Omar Arnoldo Rivera Martinez fled to the United States from his native El Salvador to escape persecution and violence from organized gangs that use their power to extort, kidnap and kill with little consequences. He traveled thousands of miles over unforgiving terrain to seek asylum in the U.S. But what he found here was more violence and depravation – not on the streets, but in a U.S. immigration detention facility.
Omar, 37, was arrested by immigration agents at the U.S.-Mexico border earlier this year and detained at Adelanto, a detention center in San Bernardino County, California, while awaiting a decision on his asylum claim. At Adelanto, he witnessed deplorable conditions. Low-income detainees had bonds set at tens of thousands of dollars, well beyond what they or their families were able to afford. He and other detainees were fed low-quality food and had little contact with family members. Fed up with these inhuman conditions, Omar joined a group of eight other detainees demanding better conditions of confinement.
On June 12, 2017, the nine detainees began a hunger strike. During that morning’s breakfast, they attempted to deliver a list of demands to U.S. Immigration and Customs Enforcement (ICE) officials and requested a meeting with the agency. When the detainees informed detention staff that they would not move until ICE spoke to them about their concerns, the staff reacted violently. The detainees report that an officer unloaded a canister of pepper spray on them, leaving them drenched in the spray. Officers slammed Omar against a wall with such force that it knocked out a tooth and dental crown from his mouth and fractured his nose.
Then officers took Omar and the other detainees to the shower, where they were doused with painfully hot water on their already irritated skin. In the following ten days, the detainees were held in segregation, where they were denied access to the outside world. During this time, the detainees were subjected to retaliation, threats and insults. A guard threatened that the detainees would be transferred far away if they did not quit the hunger strike; another threatened to tell their immigration judges about their hunger strike in order to undermine their asylum claims. Guards regularly taunted the detainees with platters of food.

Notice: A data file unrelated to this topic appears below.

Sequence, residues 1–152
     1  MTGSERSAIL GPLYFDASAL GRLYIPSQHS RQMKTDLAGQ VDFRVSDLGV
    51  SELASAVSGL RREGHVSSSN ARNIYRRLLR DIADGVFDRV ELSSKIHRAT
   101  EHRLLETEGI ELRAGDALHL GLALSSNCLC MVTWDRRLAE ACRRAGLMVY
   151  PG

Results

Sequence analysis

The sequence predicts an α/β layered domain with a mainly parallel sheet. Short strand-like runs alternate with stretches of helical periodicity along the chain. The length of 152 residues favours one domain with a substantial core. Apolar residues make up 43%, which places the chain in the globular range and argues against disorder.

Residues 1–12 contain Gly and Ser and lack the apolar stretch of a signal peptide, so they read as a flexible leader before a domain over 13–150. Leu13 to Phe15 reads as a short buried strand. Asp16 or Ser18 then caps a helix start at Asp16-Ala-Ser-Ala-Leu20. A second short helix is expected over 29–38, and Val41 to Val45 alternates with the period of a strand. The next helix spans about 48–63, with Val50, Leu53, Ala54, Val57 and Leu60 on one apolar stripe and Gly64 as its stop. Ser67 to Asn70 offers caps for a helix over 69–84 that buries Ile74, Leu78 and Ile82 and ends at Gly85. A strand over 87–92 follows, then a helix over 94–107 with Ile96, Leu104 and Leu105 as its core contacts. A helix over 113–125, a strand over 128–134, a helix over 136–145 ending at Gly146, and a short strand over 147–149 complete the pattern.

Today, the ACLU of Southern California sent a letter to ICE officials demanding that they put a stop to the abuse of hunger strikers. The physical assault and retaliation against detainees constitute clear violations of their Fourth Amendment right to be protected from excessive force and their First Amendment right to free speech. Moreover, the conduct of ICE and GEO, the private company that operates the detention center, is a violation of ICE’s own detention standards, which clearly state that pepper spraying detainees shall be used sparingly and not as a form of punishment, and that detainees shall be free from retaliation and have access to telephones and contact with attorneys.
The letter urges ICE and GEO to take immediate steps:
- Put a stop to the ongoing mistreatment of the hunger strikers;
- Initiate disciplinary proceedings for staff responsible for the abuse; and
- Demand that ICE meet with the detainees to address their mistreatment and discuss the grievances that led them to initiate the hunger strike.
These steps are necessary to ensure that no other detainees endure the horrors that Omar has experienced simply for engaging in a peaceful protest. All Omar seeks is freedom and justice, and that should never be too much to ask.